While education does not fall under the mandate of the Quebec inquiry, commissioner Jacques Viens wanted to hear from officials at Kiuna college, a unique college in the province that has a curriculum that serves Indigenous students.
Kiuna College is located in the community of Odanak and means belongs to us in Anishinaabe.
An official testified Wednesday that there was a need for the college because Quebec’s curriculum didn’t meet the needs of the students.
“There was a need for culturally adapted programs, contents, ways of teachings for our students especially at the post-secondary level,” said Prudence Hannis, associate director.
Since 2013, 76 students from different First Nations across Quebec received their college diploma from Kiuna.
William Petiquay Quoquochi, an Atikamekw student from Wemotaci dreams of becoming an interior designer one day.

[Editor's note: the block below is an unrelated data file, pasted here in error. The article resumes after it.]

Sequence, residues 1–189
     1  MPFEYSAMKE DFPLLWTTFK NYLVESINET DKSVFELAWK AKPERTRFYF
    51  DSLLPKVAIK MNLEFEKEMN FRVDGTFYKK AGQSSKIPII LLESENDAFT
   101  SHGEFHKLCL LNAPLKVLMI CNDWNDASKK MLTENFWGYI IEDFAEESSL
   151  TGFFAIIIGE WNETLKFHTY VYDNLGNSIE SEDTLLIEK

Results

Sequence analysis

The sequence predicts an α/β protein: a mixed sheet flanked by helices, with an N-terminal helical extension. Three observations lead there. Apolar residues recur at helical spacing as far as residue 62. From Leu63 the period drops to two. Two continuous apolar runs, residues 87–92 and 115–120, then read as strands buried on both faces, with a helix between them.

“Kiuna is really different from other Quebec post-secondary colleges,” he said. “The programs in Kiuna are unique, it’s very well organized.”
According to Hannis, Kiuna not only invests a lot of energy into academic competencies, but it also provides many services.
“We can provide a holistic approach to the support needed by the students we support and take care of all the needs that the students may have we have a food bank, we have daycare services, we support them with housing,” she said.
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